The Vietminh adopted a strategy of guerilla warfare in opposition to the Japanese occupation, and it organized mass demonstrations, acts of sabotage, boycotts, and the looting of crops destined for exportation to Japan. From 1943 to 1945, Vietminh units increasingly operated in the north, such that by June 1945 seven provinces had been liberated from Japanese troops, and guerrilla activities and popular uprisings were occurring in other provinces.
At the Ninth Plenum of the Indochinese Communist Party on August 12, 1945, Ho convinced Party leaders that, when Japan announces its surrender to the allies, the Party should launch a general popular insurrection to seize power throughout the country. On August 16, shortly after the news of the Japanese surrender reached Indochina, Ho addressed a National People’s Congress, composed of delegates of the Vietminh Front. Ho reiterated the need to seize power, so that the Vietnamese nationalist forces would be in a strong position when the allied occupation forces arrive. Following his address, the Congress approved the creation of an independent Democratic Republic of Vietnam; and it established a National Liberation Committee, with Ho Chi Minh as chair, to lead a general insurrection and to serve as a provisional government. From August 16 to August 25, in cities, towns, and villages throughout the country, local committees were established that functioned as provisional local governments, taking power from the Japanese occupation army, which in most cases did not offer resistance. The local committees took power with the support of people’s armed militias and in the name of the Vietminh Front.
On the afternoon of August 25, accompanied by Party Secretary General Truong Chinh, Ho Chi Minh discreetly entered by car the old imperial capital of Hanoi, going directly to a three-story row house in the Chinese section of the city, where arrangements had been made for his accommodations on the top floor. That same afternoon, Ho convened at his new residence a meeting of the Indochinese Communist Party, which confirmed the decision of the Vietminh Front to create a National Liberation Committee that would function as a Provisional Government of the nation, with the exception, following Ho’s recommendation, that the committee would be expanded to include non-Party elements. Ho’s proposal for the formation of a broad-based provisional government representing all progressive sectors was unanimously accepted by the members of the National Liberation Committee at a meeting on August 27. Plans were made for a formal declaration of national independence to be held on September 2.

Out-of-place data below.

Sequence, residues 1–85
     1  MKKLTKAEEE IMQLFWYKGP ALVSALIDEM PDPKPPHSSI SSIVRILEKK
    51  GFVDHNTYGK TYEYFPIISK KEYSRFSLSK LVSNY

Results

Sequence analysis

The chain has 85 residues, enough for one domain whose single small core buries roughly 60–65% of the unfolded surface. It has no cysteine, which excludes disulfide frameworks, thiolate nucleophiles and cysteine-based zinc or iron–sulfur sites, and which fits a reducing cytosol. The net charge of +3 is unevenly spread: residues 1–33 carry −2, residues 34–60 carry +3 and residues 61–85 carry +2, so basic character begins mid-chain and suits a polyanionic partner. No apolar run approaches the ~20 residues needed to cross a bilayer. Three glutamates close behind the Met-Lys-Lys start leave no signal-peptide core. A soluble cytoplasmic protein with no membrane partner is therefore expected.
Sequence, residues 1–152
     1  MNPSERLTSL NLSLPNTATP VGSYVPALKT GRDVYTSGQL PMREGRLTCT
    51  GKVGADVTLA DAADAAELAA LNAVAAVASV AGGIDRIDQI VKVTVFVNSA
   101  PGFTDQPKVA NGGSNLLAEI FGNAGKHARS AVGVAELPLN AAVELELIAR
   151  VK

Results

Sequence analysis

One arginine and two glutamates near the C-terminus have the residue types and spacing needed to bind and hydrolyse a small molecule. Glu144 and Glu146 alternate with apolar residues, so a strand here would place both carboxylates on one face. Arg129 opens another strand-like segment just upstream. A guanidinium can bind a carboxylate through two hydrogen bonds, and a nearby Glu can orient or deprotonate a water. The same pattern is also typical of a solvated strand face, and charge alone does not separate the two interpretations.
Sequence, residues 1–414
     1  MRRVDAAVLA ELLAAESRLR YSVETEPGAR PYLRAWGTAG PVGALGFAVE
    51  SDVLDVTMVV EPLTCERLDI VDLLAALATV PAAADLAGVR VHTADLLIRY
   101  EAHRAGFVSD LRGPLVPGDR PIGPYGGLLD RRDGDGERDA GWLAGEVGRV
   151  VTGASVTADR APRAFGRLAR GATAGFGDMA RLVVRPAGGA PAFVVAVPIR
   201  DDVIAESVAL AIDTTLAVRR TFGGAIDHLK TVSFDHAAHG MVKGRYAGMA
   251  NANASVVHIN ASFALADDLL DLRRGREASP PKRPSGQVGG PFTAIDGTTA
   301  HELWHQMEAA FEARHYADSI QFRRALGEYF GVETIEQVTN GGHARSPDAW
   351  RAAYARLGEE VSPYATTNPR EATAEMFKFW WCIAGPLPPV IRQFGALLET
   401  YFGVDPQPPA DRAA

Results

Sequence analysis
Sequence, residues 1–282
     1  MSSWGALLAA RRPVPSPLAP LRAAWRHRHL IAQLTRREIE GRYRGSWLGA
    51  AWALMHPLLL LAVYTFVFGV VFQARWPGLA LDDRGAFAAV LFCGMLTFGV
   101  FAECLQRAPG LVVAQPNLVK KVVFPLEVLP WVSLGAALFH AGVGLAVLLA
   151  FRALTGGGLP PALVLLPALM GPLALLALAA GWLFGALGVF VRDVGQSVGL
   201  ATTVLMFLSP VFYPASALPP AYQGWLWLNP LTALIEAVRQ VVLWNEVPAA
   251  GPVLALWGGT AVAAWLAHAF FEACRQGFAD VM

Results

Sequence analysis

On August 29, the puppet emperor Bao Dai abdicated, presenting the imperial seal to a delegation representing the National Liberation Committee. On September 2, 1945, before a crowd of one-half million people, continually shouting “independence,” in Ba Dinh square in Hanoi, Ho Chi Minh read the Declaration of Independence of the Democratic Republic of Vietnam.
The Declaration began by citing the “undeniable truths” of the Declaration of Independence of the United States of America: “All men are created equal. They are endowed by their Creator with certain unalienable Rights.” And it cited the Declaration of the Rights of Man and the Citizen emitted by the French Revolution: “All men are born free and with equal rights, and must always remain free and have equal rights.”
The Vietnamese Declaration of Independence lists grievances against the French colonial regime, including political repression and economic superexploitation. And it notes that the people have taken de facto control of Vietnam.